The Fraud Examiner

Lessons Learned from the Fajita Bandit

Ron Cresswell, J.D., CFE  
Research Specialist, Association of Certified Fraud Examiners                                 

In 2017, a Texas man was arrested for stealing more than $1.2 million worth of fajita meat from his government employer. The man was quickly nicknamed “the fajita bandit,” a phrase that proved irresistible to headline writers. Dozens of news outlets picked up the story, and the fajita bandit gained brief, widespread notoriety. The case made news again in April 2018 when the fajita bandit was sentenced to 50 years in prison for his crime.


While it is a strange story, the case of the fajita bandit contains useful lessons about fraud and internal controls.


The case of the fajita bandit


In August 2017, a delivery truck arrived at the Darrell B. Hester Juvenile Detention Center in San Benito, Texas. The truck was from Labatt Food Services — the detention center’s meat vendor. The truck driver called the detention center’s kitchen and asked where he should unload 800 pounds of fajita meat ordered by the center. The employee who answered the phone was confused. She informed the driver that the detention center did not serve fajitas in its kitchen. The driver responded that he had been delivering fajita meat to the detention center for nine years. The employee reported the conversation to her supervisor.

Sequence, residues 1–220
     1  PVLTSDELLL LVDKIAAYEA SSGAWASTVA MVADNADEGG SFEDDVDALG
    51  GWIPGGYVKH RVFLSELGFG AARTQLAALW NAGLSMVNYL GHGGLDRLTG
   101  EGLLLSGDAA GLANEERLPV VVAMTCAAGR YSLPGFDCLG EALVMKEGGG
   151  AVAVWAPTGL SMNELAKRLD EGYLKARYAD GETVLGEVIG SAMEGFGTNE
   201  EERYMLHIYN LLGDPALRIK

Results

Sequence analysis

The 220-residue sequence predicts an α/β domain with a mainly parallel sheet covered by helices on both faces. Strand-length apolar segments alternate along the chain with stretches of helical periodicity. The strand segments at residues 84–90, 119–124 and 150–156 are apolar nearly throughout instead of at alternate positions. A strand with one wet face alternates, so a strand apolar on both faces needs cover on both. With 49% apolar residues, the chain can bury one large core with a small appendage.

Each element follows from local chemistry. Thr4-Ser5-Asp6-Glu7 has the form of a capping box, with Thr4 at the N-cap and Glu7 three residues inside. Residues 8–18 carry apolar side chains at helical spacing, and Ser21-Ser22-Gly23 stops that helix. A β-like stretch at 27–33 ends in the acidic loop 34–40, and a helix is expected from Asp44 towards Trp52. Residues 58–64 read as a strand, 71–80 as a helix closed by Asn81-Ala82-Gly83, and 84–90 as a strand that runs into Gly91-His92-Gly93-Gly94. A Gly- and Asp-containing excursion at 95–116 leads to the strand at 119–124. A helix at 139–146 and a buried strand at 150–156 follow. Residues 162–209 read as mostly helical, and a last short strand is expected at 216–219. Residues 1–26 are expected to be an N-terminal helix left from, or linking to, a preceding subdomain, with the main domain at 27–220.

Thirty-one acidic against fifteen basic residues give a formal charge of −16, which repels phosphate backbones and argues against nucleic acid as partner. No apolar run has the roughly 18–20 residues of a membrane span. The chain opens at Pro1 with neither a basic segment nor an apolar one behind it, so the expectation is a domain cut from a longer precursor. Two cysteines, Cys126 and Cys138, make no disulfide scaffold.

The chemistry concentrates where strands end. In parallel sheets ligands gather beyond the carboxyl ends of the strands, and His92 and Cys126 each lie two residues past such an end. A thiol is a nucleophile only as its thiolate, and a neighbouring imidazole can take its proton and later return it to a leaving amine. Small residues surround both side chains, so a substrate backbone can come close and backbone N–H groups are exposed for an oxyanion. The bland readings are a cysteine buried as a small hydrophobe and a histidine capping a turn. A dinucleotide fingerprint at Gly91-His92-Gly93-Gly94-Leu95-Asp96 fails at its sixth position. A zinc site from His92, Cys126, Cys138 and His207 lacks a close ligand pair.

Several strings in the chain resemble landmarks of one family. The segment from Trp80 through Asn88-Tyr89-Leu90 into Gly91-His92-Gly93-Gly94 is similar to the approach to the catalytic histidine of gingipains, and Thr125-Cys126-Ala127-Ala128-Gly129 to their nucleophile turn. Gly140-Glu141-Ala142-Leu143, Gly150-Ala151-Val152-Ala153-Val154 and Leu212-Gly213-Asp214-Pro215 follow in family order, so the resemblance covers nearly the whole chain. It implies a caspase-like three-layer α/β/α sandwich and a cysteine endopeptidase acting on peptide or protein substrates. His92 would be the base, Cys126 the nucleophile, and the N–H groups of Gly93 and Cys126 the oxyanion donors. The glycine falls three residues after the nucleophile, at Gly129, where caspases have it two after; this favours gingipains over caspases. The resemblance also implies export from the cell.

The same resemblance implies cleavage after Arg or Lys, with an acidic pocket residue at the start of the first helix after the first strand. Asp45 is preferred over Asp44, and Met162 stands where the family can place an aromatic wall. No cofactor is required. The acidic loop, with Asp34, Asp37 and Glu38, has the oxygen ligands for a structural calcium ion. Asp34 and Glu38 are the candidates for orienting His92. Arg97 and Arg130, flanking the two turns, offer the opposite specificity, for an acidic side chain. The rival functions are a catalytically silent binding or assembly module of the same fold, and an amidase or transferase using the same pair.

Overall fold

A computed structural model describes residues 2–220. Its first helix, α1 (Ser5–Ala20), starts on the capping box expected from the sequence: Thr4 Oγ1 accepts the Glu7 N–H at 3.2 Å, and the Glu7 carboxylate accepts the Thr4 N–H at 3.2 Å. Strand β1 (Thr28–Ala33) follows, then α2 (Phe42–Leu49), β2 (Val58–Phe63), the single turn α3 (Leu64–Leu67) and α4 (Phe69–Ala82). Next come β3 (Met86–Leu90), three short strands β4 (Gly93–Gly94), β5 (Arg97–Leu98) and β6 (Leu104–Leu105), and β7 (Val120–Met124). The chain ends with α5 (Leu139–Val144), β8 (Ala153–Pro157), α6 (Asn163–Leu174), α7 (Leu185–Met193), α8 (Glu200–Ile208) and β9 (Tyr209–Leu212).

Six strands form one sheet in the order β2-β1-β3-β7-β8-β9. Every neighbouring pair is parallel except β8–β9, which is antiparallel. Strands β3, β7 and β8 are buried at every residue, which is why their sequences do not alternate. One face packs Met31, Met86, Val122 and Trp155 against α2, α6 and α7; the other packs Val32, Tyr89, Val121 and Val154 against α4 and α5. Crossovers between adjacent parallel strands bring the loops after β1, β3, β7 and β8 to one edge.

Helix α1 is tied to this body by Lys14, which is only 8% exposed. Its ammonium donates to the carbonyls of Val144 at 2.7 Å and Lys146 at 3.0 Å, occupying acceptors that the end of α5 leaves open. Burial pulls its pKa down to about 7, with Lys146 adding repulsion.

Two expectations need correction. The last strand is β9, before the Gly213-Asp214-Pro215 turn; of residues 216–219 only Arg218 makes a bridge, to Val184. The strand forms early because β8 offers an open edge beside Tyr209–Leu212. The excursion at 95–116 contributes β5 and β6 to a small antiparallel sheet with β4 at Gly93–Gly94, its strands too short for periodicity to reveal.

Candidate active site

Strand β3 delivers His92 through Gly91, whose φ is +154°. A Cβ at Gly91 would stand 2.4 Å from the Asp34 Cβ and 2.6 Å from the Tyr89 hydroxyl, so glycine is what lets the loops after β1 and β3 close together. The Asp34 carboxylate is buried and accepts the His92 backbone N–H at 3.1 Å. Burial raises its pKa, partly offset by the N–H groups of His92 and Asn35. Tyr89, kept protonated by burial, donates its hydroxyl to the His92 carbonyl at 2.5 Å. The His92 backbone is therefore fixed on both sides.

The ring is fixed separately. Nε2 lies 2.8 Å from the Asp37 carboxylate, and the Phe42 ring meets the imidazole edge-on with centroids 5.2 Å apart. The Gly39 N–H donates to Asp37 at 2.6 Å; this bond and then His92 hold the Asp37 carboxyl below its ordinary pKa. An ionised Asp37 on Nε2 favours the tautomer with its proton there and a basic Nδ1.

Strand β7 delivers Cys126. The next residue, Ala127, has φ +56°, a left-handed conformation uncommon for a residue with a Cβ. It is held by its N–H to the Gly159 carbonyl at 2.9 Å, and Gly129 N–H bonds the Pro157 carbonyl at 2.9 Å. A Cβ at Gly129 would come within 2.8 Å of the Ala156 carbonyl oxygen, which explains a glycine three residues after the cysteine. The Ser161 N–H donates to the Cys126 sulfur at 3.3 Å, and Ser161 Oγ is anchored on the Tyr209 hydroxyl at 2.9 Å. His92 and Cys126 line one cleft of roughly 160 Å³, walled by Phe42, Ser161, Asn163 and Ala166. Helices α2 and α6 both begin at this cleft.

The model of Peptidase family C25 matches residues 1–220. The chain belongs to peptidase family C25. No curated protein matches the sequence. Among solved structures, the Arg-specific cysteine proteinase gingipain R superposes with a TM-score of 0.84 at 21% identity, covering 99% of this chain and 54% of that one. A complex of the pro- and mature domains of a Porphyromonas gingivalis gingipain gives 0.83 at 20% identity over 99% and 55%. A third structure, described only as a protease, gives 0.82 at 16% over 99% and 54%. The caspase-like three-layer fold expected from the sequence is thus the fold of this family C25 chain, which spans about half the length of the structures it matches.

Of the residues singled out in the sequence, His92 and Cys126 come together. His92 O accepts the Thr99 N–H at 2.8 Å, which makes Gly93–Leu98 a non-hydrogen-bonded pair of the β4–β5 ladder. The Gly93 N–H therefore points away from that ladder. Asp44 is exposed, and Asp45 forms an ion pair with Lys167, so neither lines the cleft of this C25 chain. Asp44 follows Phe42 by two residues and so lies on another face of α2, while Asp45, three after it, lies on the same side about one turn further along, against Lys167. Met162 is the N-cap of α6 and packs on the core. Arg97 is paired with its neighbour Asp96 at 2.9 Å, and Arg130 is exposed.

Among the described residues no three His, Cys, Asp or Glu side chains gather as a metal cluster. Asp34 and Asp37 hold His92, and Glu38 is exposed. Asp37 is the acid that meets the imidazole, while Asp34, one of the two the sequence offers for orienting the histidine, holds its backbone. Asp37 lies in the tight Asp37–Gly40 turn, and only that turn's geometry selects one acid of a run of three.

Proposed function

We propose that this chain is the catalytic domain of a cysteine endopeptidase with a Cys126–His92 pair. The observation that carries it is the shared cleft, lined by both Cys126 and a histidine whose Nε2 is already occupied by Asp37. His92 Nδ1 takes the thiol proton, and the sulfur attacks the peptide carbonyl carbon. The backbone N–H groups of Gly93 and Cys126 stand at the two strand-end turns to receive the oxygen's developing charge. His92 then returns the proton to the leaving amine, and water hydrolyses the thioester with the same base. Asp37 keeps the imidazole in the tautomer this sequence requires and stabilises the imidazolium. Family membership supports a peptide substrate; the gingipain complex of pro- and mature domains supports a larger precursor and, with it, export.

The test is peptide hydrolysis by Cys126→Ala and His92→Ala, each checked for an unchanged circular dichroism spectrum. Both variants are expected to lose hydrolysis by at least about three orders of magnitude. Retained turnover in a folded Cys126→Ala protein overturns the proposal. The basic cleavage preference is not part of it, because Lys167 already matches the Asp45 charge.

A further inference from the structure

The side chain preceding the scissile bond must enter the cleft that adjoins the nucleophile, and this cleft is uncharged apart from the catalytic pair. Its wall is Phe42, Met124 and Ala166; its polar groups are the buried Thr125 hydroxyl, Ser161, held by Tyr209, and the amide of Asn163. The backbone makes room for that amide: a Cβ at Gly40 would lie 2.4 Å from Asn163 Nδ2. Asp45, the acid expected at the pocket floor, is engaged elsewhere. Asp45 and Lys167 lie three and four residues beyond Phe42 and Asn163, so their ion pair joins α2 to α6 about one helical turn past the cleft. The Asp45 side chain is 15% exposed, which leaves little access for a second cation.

It soon became apparent that another detention center employee, Gilberto Escamilla, was running a long-term scam. For almost a decade, Escamilla ordered meat for the detention center, intercepted the orders, and then sold the meat to third parties, many of whom were regular customers. On the day the scam was discovered, Escamilla was absent from work for a medical appointment. When he arrived at work the next day, Escamilla was confronted and confessed to stealing fajita meat for nine years. The detention center terminated him immediately.


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